The amount of starch used to treat a pulp based on solids present in the pulp may vary from as little as 1/2 lb./ton depending upon the particular cationic starch employed, the nature of the paper, and the end result sought to be achieved. Typical dosages range between 1-15 lbs./ton.
To illustrate the preparation of the polymers, the following are given by way of example:
A mixture of acryloyl chloride (102.0 g, 1.13 moles) in methylene chloride (100 ml) was added dropwise into a solution of N-methyl piperazine (86.0 g, 0.86 moles) in methylene chloride (450 ml) over a period of one hour. During the addition, the temperature of the N-methyl piperazine/methylene chloride solution was kept below 25° C. After the addition was complete, the reaction mixture was stirred at room temperature for two hours. The reaction mixture was neutralized with 260 g of 17% sodium carbonate solution. The organic layer containing the crude product was separated from the aqueous layer via a separatory funnel. The aqueous layer was washed well with methylene chloride. Combination of the organic phases and rotoevaporation of the solvent yielded 100.0 grams of crude product. Distillation of the crude product yielded a fraction (74°-78° C.,/5 mm Hg) that was >98.0% pure by G.C. analysis. 13 C NMR and IR analysis gave spectra consistent with the title compound.
Dimethyl sulfate (23.2 g) was added slowly into an AMPIP (30.0 g), water (51.8 g) mixture. The temperature of the reaction mixture was kept below 30° C. After complete addition, the reaction mixture was stirred for 2 hours. A 13 C NMR spectrum was consistent with the title compound.
Into a 300 ml Parr bomb was charged 26.6 g. water, 21 g. 1-acryolyl-4-methyl piperazine, and 10 g. methyl chloride. The valves were closed and the bomb was heated to and maintained at 60° C. for 21/2 hours. The product was characterized by 13 C NMR.
As will be shown hereinafter, the polymers are conveniently prepared using either solution polymerization or the so-called "inverse emulsion polymerization" method which utilizes polymerization of water-soluble vinyl monomers in the form of water-in-oil emulsions. This technique is described in Vanderhoff, U.S. Pat. No. 3,284,393, the disclosure of which is incorporated herein by reference.
A typical polymerization using the so-called "inverse emulsion" technique is set forth below as Example 3.
______________________________________Oil Phase:LOPS1 130.0 gSorbitan Monooleate 7.5 g4 Moles EO reacted with 2.5 gSorbitan MonostearateAqueous Phase:50% AMPIP MSQ2 51.25 g46.4% Acrylamide solution 246.49 gH2 O 49.92 gEthylene diamine tetra- .05 gacetic acidInitiator:2,2'-Azobisisobutyronitrile .28 g______________________________________ 1 LOPS = A low odor paraffin solvent. 2 AMPIP MSQ = 1acryloyl-4-methyl piperazine dimethyl sulfate quaternary ammonium salt.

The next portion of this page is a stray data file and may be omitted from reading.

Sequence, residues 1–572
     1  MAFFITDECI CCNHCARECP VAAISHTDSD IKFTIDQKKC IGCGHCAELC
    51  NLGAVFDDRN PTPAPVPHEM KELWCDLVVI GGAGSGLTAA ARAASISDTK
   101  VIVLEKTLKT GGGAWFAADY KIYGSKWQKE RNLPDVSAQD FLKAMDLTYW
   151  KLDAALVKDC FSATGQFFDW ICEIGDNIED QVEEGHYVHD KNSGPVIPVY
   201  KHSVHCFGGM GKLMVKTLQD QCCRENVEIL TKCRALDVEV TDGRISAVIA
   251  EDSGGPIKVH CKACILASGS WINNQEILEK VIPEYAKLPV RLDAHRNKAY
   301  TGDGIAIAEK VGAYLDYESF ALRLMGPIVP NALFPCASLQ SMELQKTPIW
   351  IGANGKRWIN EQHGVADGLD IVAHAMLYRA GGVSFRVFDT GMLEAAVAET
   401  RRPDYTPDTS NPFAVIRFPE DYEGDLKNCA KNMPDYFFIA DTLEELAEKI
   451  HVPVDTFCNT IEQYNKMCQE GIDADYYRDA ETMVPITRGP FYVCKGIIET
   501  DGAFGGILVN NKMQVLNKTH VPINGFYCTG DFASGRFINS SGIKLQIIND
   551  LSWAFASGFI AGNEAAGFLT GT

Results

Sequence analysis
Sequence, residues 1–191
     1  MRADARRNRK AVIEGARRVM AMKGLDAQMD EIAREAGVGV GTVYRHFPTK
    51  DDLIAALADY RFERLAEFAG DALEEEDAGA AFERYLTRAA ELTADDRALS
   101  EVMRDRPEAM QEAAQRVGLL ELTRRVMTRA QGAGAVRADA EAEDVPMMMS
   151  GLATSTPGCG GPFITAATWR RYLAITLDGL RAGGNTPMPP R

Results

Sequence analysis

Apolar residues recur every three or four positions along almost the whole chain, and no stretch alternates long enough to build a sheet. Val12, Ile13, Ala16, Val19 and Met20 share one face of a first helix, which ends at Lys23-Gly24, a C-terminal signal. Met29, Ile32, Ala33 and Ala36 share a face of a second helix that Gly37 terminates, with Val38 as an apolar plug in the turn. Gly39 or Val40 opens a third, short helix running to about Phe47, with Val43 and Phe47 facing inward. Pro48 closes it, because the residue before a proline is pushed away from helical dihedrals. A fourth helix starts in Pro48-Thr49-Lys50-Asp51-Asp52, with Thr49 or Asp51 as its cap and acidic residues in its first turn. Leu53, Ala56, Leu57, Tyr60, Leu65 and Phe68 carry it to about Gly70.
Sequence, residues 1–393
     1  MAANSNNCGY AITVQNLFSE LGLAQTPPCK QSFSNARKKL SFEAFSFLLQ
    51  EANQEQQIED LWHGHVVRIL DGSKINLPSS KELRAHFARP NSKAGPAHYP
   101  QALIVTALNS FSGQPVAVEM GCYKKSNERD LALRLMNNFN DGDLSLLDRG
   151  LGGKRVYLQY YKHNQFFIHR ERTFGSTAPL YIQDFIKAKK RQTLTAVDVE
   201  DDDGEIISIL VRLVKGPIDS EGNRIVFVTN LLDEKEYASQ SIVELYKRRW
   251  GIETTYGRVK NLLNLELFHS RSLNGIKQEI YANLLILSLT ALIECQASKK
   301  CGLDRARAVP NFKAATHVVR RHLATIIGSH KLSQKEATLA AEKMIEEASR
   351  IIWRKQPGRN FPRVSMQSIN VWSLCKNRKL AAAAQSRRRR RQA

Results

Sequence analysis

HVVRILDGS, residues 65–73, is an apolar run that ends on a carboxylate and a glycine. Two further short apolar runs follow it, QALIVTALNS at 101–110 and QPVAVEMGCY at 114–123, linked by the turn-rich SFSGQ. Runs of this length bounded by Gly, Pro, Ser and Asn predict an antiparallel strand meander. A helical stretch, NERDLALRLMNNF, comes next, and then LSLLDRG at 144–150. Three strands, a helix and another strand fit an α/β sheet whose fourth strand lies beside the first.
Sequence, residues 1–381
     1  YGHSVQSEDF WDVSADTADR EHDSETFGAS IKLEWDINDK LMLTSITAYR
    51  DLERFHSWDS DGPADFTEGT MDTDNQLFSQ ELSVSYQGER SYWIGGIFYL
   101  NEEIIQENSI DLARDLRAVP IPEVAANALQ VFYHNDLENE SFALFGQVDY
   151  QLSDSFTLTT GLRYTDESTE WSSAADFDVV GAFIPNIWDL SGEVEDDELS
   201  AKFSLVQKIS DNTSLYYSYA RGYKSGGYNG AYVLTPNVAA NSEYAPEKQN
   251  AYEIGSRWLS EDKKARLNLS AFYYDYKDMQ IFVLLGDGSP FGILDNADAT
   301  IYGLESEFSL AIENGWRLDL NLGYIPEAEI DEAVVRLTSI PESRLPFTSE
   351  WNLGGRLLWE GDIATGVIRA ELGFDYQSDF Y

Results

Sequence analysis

The oil and the aqueous phases (pH 5) were first prepared and the emulsion was obtained by adding the aqueous solution into the LOPS solution with vigorous stirring.
The emulsion was purged with nitrogen for 1/2 hour and while heating at 45° C., the initiator was added. The reaction was maintained at 45° C. for four hours and at 65° C. for one hour. The reaction was cooled to room temperature. Gas chromatographic analysis of the residual monomer showed the polymerization to be 74% complete. The intrinsic viscosity of the copolymer was 7.0.
A typical solution polymerization used to produce a homopolymer of the invention is set forth below in Example 4.
The following reagents were placed into a reaction flask:
______________________________________ Wt. %______________________________________2% ethylene diamine tetra-acetic acid 150% AMPIQ, methyl sulfate quat 20H2 O 74.8______________________________________
This solution was heated to 45° C. with nitrogen purge for 0.5 hrs. The initiator, 2,2'-Azobis (2-amidinopropane) hydrochloride was added (4 grams of a 3.75% solution of the initiator in H2 O). The solution was maintained at 45° C. for 4 hours. To reduce the level of unreacted monomer, an additional 1 hour of heating at 65° C. was required. The intrinsic viscosity of the resulting material was 2.4.
Typical cationic polymers used in the practice of the invention which were prepared by solution polymerization are shown in Table I.
To illustrate the preparation of a cationic starch modified with the polymers described above, the following method was used:
The starch used was Globe 3005 unmodified corn. It was jet cooked with 5% NaOH based on starch. The cationizers were added to a 2.1% starch solution. These were kept at 150° F. for 15 minutes before using. The fiber furnish used was a 50/50 blend of bleached softwood kraft and bleached hardwood kraft refined to a freeness of 450-500 Canadian.
Sheets were prepared on a Semi-Automatic British Sheet Mold. Dried sheets were conditioned for 12 hours at 50% relative humidity and 72° F. before testing.
Using the above described test method, the polymers in Table I were used to modify starch using a 1% actives and 10% product basis. They were compared against a commercial cationic starch which had been modified using quaternary ammonium polymers of epichlorohydrin dimethylamine and ammonia of the type described in Panzer, U.S. Pat. No. 3,738,945. These results are shown in FIGS. 1 and 2.
TABLE I______________________________________Comp. Wt. % IntrinsicNo. Composition Polymer Viscosity______________________________________1 AMPIQ 9.8 .5 to .82 10 mole % AMPIQ 4.7 4.0 90 mole % Acrylamide3 20 mole % AMPIQ 5 4.0 80 mole % Acrylamide4 30 mole % AMPIQ 5 5.6 70 mole % Acrylamide5 AMPIQ 10 1.86 AMPIQ 10 1.47 AMPIQ 9.5 1.08 AMPIQ 10 2.49 DMA/Epi/NH3 48 2______________________________________